High cholesterol is one of the major risk factors for the development of heart disease. Persistently elevated levels of cholesterol in our bodies can lead to a build-up of plaque in our blood vessels, potentially leading to a heart attack or stroke.
“Every adult needs to have their cholesterol checked to determine their baseline risk of heart disease, “ recommends Dr. John Glenn Tiu, a preventive cardiologist at the Pat and Jim Calhoun Cardiology Center. The frequency of checking your cholesterol depends on a number of factors, including your baseline risk and whether you are taking cholesterol-lowering medications.
The blood test, called a “lipid panel,” is comprised of 4 main components:
- Total cholesterol – Ideally should be below 200
- LDL cholesterol – Or so-called “bad cholesterol”; ideally should be less than 100
- HDL cholesterol – Or so-called “good cholesterol”; low levels (<40 in men and <50 in women) imply increased risk
- Triglycerides – Ideally should be below 150; higher values confer increased risk
Based on these results and factoring in your other medical issues, your doctor or cardiologist can determine whether you are at low, intermediate or high risk of heart disease.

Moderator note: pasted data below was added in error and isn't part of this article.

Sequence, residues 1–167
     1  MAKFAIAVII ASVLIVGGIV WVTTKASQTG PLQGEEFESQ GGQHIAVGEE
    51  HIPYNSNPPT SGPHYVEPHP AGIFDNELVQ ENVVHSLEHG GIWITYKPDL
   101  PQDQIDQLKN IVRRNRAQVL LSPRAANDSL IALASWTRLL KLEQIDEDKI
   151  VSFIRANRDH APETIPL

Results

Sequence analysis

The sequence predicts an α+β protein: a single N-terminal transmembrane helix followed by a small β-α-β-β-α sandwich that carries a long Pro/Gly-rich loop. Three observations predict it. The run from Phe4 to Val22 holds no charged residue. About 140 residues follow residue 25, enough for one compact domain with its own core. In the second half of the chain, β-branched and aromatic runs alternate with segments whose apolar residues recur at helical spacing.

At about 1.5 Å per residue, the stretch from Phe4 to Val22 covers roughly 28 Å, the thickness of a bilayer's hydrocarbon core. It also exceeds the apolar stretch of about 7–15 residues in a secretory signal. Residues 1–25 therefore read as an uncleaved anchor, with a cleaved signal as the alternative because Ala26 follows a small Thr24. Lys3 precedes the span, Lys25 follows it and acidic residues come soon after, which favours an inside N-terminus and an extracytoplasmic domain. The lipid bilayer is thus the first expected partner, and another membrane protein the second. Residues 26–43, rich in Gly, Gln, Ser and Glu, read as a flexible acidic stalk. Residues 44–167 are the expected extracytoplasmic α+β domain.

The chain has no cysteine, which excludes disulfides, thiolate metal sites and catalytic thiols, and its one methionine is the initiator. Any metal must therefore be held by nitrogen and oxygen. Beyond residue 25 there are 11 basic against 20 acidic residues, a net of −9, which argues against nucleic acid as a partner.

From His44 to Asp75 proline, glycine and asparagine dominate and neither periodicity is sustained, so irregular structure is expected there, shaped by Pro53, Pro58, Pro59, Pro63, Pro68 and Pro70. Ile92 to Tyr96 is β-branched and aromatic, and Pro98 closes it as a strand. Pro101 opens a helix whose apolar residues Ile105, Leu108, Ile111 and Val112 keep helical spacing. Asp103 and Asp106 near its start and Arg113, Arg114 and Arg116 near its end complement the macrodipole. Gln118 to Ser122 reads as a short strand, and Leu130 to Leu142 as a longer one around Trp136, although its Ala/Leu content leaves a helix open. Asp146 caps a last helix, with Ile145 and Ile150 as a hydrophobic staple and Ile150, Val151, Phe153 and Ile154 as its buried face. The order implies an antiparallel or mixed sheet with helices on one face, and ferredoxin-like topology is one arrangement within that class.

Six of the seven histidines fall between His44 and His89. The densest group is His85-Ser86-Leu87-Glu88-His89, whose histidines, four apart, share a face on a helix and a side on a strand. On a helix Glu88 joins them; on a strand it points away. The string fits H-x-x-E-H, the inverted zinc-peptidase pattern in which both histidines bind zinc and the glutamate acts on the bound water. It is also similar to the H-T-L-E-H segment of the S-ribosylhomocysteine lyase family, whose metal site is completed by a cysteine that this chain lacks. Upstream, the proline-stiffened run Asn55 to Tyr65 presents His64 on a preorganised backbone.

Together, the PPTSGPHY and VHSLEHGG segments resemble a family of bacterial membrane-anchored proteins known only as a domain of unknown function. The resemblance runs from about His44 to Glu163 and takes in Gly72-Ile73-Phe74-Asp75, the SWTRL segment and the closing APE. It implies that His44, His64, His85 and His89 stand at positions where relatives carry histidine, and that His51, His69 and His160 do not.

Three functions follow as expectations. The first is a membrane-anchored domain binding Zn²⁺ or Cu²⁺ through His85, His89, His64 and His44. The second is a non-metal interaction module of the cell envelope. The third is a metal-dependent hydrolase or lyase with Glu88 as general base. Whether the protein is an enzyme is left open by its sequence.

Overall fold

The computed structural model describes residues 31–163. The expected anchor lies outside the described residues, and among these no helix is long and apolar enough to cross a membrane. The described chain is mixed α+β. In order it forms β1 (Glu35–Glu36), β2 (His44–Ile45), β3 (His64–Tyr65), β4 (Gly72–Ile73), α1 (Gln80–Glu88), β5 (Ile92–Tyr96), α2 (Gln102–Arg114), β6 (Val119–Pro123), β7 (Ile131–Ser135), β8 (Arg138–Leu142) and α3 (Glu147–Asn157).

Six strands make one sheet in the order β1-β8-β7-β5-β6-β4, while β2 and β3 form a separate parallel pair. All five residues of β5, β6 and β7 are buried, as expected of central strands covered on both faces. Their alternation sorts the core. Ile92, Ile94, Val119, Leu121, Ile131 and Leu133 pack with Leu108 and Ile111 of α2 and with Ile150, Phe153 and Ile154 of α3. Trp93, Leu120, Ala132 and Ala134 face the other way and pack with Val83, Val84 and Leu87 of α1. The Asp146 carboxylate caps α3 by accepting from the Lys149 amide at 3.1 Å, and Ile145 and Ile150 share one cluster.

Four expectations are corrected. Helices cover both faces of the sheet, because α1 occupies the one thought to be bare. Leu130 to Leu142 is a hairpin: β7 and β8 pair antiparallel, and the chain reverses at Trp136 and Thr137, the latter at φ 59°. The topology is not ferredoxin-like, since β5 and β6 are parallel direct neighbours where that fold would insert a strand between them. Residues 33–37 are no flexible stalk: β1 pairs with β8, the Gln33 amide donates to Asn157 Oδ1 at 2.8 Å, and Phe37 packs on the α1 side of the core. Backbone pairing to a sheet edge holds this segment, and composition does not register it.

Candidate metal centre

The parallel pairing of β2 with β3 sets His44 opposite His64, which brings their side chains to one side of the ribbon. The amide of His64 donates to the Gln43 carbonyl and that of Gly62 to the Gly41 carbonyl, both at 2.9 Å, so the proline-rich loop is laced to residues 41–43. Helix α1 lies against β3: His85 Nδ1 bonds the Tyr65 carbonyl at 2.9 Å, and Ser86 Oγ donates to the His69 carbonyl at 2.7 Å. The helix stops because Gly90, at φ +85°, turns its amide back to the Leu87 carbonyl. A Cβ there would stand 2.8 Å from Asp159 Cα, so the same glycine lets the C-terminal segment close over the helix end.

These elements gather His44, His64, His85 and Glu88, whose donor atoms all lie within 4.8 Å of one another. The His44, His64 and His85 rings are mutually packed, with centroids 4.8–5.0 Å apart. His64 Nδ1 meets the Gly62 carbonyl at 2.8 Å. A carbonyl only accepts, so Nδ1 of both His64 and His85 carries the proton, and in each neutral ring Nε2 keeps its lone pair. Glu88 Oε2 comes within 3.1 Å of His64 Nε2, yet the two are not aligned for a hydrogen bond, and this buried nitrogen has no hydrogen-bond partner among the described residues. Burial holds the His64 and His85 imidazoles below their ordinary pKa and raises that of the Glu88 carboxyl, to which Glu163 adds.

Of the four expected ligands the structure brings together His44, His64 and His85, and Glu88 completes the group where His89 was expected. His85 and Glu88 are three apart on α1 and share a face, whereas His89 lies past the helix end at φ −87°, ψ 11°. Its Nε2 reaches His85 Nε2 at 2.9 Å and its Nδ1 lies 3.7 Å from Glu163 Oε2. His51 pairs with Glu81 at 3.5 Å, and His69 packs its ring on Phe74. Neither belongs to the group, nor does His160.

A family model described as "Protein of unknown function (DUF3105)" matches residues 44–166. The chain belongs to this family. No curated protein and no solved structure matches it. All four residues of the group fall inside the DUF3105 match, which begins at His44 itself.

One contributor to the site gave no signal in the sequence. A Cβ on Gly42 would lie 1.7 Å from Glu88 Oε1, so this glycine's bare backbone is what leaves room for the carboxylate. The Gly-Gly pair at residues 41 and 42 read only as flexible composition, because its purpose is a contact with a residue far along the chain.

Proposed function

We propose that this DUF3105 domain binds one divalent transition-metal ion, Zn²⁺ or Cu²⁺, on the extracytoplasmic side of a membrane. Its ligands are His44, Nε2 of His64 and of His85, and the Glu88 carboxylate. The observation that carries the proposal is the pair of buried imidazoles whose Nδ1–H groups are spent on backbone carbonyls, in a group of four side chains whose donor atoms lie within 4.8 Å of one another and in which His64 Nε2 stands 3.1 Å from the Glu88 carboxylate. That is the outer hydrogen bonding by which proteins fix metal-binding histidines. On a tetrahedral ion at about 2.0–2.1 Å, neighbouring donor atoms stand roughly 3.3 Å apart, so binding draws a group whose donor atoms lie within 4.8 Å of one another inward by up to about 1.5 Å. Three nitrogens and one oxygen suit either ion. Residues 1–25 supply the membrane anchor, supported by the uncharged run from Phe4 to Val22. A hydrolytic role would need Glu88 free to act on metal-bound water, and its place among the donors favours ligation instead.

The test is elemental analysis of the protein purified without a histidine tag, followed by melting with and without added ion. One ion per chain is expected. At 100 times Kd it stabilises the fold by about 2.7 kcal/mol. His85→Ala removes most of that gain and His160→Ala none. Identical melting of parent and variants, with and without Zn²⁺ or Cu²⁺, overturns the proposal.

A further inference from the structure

“In general, we recommend lifestyle changes alone for individuals at low risk and cholesterol-lowering medications for individuals at high risk,” says Tiu, “for individuals at intermediate risk, we have a discussion regarding the potential benefit of cholesterol-lowering therapies.”
For intermediate risk individuals who are unsure about starting medications, there are specialized blood tests and tools such as a coronary artery calcium score that can help further refine their individual risk.
“A calcium score is a CT scan that can quantify the amount of calcium build-up in the blood vessels of your heart,” explains Tiu. “It is quick, has low radiation exposure, and does not require the use of contrast.” Individuals with a score of zero may choose to defer starting medications for the time being, while individuals with a score greater than 100 will most likely benefit from cholesterol-lowering therapy. Of note, this test is generally not covered by insurance at this time and a fee of roughly $125 is usually charged for this test.
Tiu emphasizes that a calcium score cannot specifically determine whether an individual has a blockage in their blood vessels. He recommends talking to your doctor or cardiologist to properly interpret the results and institute a personalized treatment plan.
Heart disease remains the leading cause of death in U.S. adults, and estimates show that over 80% of cases are preventable with lifestyle changes such as consuming a heart-healthy diet, regular exercise, weight loss, smoking cessation, and adequate control of an individual’s risk factors.
“I encourage everybody to take charge of their heart health,” says Tiu, “and getting your cholesterol checked is a good first step in the right direction.”